Chandler’s Insys Therapeutics, manufacturer of a potent painkiller, appears to be winding down operations after enduring years of lawsuits and criminal trials.
The company filed for bankruptcy last summer after it agreed to pay the government $225 million to settle allegations of bribery and racketeering.
Court filings in the bankruptcy case indicate the company began selling off its assets and scaling down its business in Arizona.
“As a result of the sales transactions, the debtors no longer possess an operating business and they are in the process of winding down their estates in order to distribute their remaining assets for the benefit of creditors,” the company wrote in a Dec. 24 court filing.
John Kapoor, the company’s founder, and six other former executives were found guilty last year in a federal court in Massachusetts of bribing doctors into prescribing his company’s product.
Kapoor faces up to 15 years in federal prison, and sentences ranging from five to 11 years are being sought against the other executives for their conviction on bribery and drug-related charges.
Federal prosecutors are also seeking restitution from Kapoor totaling $306 million – including $137 million in restitution to Medicare and the rest to private insurers.
“The bribes were intended to incentivize prescriptions from “high-volume” prescribers,” the government charged in filings in the criminal case, adding:
“The defendants paid millions of dollars to doctors in exchange for prescribing greater quantities and dosages of one of the most potent opioids available for sale in the United States. …Their crime involved the conscious and reckless risk of death or serious injury.”
Prosecutors also stated in a presentence memo, “The impact of the conspiracy on the lives and health of patients was monumental; it is not speculative or hypothetical.”
Sentencing was delayed, as Kapoor was given until Jan. 3, to file a response to the government’s restitution demands.
More than 280 pages from 72 letters supporting Kapoor and asking for leniency also have been submitted to the court by professionals, cancer survivors and charities he supported.
The defense’s own presentence memo portrayed Kapoor as someone who “achieved the American dream” and invested $80 million of his own money into Insys without ever realizing a profit while two of his co-defendants cashed out their stock options and walked away with $45 million.
Kapoor’s lawyers said their client had been victimized by some of the co-defendants because he gave them free rein in running Insys’ affairs.
“From the moment he first made his fortune, Dr. Kapoor has given back to charity – more than $128 million in giving and countless hours of personal time and involvement – in pursuit of causes that mirror his own life’s path,” they said.
Because 90 percent of the company’s revenue came from selling opioids, Insys did not expect to survive the public backlash and massive litigation it has experienced in recent years.
“These factors have caused a substantial cash drain on the company to the point where, despite the Debtors’ best efforts, they risk running out of cash in 2019,” said former Insys CEO Andrew Long in court documents filed last year.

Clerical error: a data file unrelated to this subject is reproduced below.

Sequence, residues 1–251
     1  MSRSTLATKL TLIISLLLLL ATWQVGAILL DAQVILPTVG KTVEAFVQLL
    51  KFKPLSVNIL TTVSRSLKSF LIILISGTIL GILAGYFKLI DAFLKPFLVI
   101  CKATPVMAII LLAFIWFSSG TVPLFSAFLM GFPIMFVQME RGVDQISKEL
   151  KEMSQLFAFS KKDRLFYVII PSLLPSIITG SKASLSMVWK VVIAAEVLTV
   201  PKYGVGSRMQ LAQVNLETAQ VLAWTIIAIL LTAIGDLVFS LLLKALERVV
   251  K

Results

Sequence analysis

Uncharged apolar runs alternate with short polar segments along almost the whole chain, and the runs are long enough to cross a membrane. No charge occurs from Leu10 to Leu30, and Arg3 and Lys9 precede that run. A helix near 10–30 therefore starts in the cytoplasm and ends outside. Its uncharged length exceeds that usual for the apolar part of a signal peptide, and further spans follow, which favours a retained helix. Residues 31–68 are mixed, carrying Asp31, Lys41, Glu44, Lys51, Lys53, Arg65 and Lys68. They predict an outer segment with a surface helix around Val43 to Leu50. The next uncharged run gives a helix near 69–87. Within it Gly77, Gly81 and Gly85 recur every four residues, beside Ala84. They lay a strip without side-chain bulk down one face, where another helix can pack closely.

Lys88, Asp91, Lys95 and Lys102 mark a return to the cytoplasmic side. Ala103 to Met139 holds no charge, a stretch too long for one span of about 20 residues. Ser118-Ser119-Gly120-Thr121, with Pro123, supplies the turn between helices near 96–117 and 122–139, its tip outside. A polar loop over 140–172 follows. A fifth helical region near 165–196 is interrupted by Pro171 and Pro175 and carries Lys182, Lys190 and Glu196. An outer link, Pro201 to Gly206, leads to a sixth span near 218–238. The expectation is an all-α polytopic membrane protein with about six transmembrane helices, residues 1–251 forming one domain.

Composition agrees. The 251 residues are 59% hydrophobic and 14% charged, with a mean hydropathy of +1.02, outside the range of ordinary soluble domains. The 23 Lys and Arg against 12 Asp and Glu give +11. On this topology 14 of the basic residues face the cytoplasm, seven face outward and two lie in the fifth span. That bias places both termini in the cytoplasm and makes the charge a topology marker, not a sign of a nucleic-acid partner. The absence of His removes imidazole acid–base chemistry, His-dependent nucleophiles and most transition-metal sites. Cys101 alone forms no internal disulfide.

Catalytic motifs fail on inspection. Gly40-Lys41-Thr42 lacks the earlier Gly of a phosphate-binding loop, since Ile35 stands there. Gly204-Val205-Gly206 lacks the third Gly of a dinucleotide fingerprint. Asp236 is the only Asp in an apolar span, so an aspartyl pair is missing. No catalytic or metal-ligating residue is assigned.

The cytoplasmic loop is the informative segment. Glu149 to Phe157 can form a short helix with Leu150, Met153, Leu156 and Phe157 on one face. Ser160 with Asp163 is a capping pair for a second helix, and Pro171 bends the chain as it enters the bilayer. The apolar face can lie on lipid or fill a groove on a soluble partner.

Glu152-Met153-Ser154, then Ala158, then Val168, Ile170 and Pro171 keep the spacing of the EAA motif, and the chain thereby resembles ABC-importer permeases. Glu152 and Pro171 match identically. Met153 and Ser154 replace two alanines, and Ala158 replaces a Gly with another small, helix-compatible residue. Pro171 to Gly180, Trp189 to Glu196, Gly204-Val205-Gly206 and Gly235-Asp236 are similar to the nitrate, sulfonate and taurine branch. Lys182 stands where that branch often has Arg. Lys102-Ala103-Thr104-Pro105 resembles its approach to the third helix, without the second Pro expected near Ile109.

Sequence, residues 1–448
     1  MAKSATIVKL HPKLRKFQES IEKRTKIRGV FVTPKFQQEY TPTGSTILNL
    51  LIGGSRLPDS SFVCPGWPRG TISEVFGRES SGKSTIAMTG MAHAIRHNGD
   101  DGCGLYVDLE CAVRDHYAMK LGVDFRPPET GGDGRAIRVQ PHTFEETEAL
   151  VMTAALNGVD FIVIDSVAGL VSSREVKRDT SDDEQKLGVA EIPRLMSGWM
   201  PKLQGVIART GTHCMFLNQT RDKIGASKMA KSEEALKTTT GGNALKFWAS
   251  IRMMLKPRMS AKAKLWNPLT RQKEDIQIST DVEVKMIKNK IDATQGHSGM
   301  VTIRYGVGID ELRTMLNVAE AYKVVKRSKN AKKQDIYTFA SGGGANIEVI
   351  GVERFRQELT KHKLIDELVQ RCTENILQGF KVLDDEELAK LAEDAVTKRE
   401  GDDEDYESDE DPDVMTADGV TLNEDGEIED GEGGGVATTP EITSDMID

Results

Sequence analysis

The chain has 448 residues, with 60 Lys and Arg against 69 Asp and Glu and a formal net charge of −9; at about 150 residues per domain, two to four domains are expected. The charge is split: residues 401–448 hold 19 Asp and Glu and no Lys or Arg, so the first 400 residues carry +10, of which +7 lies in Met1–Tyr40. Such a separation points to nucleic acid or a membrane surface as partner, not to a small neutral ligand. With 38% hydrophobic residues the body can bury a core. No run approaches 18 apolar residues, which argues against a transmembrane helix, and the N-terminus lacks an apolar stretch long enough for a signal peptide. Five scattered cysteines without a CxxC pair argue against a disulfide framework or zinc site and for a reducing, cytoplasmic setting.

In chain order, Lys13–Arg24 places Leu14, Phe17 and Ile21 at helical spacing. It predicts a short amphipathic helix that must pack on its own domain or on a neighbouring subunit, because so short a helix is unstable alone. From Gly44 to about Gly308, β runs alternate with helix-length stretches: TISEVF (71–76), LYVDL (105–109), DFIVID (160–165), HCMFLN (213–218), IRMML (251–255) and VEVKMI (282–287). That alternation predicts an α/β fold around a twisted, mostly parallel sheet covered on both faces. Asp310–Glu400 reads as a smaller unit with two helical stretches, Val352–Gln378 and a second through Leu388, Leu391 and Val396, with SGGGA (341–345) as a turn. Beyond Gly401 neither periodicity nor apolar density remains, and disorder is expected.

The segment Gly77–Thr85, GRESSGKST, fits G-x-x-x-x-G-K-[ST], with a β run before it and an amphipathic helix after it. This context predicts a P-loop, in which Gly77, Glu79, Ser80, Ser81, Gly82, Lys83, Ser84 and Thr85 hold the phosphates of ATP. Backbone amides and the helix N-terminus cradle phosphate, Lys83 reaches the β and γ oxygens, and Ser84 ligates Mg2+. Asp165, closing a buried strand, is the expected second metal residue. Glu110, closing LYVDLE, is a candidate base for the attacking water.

Public records show the company’s also agreed to vacate its Chandler headquarters, located at 410 South Benson Lane, by the end of 2019.
“The debtors are required to vacate their Chandler, Arizona headquarters by Dec. 31, 2019,” the company wrote in bankruptcy filings, “any personal property of the debtors remaining at the location shall be deemed abandoned.”
Insys did not respond to inquiries regarding the company’s future in Arizona.
Back in August, the company notified Chandler officials it was planning a mass layoff of nearly 100 employees by the end of 2019.
“Insys Therapeutics, Inc. will be winding down and closing its facilities over the next few months,” the company wrote in its letter to the city. Adding, “The closure or layoff is expected to be permanent and expected to take place on Oct. 8, 2019.”
When Insys first came to Arizona in the late 2000s, it was praised for being able to rapidly expand its operations during the dark days of the recession.
The company adopted an aggressive approach to sales that resulted in a 400 percent stock surge during the first year of its drug launch.
“The key is finding the right people and keeping the entrepreneurial spirit. That will be the most important thing for our success,” former Insys CEO Michael Babich told the Arizona Republic in 2012.
Babich, who resigned in 2015, and his wife have both pleaded guilty to conspiring with other Insys executives to bribing doctors into prescribing the company’s painkillers.
The scheme came to light after a whistleblower in Florida exposed how Insys would offer kickbacks to doctors in exchange for their prescriptions.
Maria Guzman alleges she lost her sales job at Insys in 2013, after she complained about the company’s tactics. In her whistleblower complaint, Guzman claimed Insys executives took doctors to strip clubs, bought expensive dinners and offered lucrative business deals.
Some of these excursions allegedly took place at a Scottsdale strip club.
Guzman further alleged Insys would strategically hire young, attractive women as sales representatives in order to persuade male doctors to write more prescriptions.
When a sales job opened up, Guzman claimed, her boss told her to look for applicants who were already “banging a doctor.”
Other whistleblowers accused Insys of tricking insurance companies into covering prescriptions for its painkiller by pretending to be employees of a doctor’s offices.
The Insys employees would allegedly lie about a patient’s medical history to make them appear sicker and in need of stronger painkillers.
In response to the whistleblowers, Insys publicly stated the company’s “completely transformed” by replacing most of its sales force.